- Where risks are identified, establish and publish a due diligence strategy and evaluate the effectiveness and appropriateness of the strategy and its implementation annually, revising it if necessary
- Ensure that their business strategy and policies are in line with their due diligence strategy
- Ensure that their business relationships put in place and carry out human rights, environmental, and good governance policies that are in line with their due diligence strategy (for example, by means of framework agreements, contractual clauses, audits, or the adoption of codes of conduct); companies are to regularly verify that subcontractors and suppliers also comply with these obligations
- Establish a grievance process in relation to any human rights, environmental, or governance risks which complies with the “effectiveness criteria” set out in United Nations Guiding Principle 31
Victims of business-related adverse impacts are often not sufficiently protected by the law of the country where the harm has been caused. Therefore, the Directive states that victims of human rights violations will have the right to take companies to court in the European Union.
Companies will be obliged to consult trade unions, indigenous peoples, and civil society when developing their required due diligence plans.
Remedies shall be determined in consultation with the affected stakeholders and may consist of financial or nonfinancial compensation, reinstatement, public apologies, restitution, rehabilitation, or a contribution to an investigation.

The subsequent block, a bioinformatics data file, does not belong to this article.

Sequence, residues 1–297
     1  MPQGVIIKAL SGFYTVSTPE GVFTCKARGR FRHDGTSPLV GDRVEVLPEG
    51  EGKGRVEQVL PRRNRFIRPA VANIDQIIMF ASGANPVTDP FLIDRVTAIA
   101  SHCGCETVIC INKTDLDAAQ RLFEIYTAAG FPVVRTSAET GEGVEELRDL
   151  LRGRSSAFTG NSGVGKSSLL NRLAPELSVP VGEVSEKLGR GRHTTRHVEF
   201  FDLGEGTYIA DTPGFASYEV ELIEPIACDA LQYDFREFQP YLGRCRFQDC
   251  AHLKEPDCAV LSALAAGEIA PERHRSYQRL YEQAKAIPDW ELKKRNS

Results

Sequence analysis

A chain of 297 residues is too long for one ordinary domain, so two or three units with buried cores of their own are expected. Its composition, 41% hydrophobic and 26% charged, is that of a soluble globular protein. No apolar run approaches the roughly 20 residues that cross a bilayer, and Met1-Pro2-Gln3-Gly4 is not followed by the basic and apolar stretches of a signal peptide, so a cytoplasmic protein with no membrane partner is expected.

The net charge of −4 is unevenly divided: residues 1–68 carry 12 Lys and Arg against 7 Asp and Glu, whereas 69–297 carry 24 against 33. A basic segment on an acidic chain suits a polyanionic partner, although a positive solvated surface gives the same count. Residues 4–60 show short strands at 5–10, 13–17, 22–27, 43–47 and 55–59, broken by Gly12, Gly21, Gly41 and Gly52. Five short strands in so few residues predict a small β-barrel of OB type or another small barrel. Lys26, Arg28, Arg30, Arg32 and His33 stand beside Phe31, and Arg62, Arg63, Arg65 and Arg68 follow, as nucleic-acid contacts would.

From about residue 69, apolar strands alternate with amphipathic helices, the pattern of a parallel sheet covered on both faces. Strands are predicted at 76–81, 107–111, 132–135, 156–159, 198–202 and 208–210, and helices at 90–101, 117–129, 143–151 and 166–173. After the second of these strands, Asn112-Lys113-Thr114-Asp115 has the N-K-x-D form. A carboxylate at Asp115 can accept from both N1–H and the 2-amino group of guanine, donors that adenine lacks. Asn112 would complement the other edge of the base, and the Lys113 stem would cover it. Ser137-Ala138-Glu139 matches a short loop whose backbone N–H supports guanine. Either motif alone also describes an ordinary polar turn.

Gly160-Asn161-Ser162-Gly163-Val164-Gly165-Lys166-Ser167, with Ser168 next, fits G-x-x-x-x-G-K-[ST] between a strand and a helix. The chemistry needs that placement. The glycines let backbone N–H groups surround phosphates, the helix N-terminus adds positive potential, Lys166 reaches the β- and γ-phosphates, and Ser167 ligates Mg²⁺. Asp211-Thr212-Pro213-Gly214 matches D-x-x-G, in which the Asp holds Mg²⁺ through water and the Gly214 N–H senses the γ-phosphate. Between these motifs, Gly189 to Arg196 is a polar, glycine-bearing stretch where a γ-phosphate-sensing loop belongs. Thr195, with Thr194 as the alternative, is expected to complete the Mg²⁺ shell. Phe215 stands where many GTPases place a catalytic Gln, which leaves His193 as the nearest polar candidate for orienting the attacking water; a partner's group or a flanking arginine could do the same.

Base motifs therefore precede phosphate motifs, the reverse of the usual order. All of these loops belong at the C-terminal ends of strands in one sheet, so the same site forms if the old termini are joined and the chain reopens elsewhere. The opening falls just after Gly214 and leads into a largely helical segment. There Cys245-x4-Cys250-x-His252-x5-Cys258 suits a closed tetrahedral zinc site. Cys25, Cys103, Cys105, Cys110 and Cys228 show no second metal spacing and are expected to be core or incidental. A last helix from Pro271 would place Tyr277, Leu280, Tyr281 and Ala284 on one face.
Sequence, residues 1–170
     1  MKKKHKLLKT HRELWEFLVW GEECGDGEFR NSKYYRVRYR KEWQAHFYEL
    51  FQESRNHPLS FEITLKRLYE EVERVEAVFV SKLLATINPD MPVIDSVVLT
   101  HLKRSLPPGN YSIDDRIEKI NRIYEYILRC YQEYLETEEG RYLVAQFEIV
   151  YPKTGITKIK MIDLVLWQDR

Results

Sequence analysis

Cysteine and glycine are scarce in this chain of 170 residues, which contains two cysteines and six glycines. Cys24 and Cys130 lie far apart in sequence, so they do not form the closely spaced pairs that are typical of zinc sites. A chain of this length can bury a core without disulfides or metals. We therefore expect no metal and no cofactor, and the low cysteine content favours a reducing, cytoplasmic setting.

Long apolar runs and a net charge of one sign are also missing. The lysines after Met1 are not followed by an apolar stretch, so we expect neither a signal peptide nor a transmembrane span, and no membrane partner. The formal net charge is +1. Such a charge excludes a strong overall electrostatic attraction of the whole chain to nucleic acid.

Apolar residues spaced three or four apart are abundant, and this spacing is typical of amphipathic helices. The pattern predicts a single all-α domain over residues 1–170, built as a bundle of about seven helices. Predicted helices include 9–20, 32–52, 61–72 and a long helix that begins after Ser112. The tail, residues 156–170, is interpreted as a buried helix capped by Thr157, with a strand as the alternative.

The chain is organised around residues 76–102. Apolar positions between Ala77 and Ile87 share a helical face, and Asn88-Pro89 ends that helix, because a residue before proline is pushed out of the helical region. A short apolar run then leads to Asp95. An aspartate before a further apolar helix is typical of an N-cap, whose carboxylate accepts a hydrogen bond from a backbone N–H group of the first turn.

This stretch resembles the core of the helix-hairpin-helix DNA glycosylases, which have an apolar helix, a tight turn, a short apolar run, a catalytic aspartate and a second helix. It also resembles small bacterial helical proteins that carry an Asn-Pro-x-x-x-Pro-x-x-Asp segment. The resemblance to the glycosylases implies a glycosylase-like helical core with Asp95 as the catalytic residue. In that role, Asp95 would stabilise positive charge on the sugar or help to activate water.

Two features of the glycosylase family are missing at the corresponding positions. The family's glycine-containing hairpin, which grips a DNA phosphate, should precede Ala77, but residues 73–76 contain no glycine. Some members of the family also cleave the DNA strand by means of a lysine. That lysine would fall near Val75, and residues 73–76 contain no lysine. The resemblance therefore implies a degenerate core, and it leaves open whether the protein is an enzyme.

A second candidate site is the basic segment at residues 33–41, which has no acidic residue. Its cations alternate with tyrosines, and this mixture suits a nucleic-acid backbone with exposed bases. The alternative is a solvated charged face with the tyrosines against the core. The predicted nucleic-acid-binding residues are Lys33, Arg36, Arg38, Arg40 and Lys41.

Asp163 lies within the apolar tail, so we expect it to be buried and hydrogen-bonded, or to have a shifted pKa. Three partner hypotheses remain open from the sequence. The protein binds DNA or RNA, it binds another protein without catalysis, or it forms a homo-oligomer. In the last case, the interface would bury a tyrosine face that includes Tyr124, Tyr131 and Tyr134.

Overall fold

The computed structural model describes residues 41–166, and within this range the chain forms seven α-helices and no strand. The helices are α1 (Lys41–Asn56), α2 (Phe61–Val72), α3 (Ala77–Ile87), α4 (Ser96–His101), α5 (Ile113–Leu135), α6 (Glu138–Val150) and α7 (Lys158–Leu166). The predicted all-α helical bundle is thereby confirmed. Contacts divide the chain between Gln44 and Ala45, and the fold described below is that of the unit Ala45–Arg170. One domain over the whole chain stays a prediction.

EU member states can adopt specific and voluntary sectoral or cross-sectoral due diligence action plans at both national and EU levels.
EU member states would designate one or more competent and independent authorities responsible for the supervision of the application of the Directive that would have the power to carry out investigations to ensure that companies comply with the obligations set out in the Directive. The competent national authorities could impose proportionate fines calculated on the basis of a company’s turnover; temporarily or indefinitely exclude companies from public procurement, state aid, or public support schemes; or resort to the seizure of commodities and other appropriate administrative sanctions.
The Directive will not affect other applicable subcontracting, posting, or supply chain liability frameworks established at the national, EU, or international level. Compliance by a company with its due diligence obligations under this Directive will therefore not exonerate it from or weaken its obligations under other liability frameworks.
The proposed Directive could have significant consequences for companies based and operating in the European Union. Although the proposal has yet to be implemented, companies should monitor its progress and potentially consider its relevance to their global ESG initiatives and policies, particularly as they relate to human rights and environmental issues.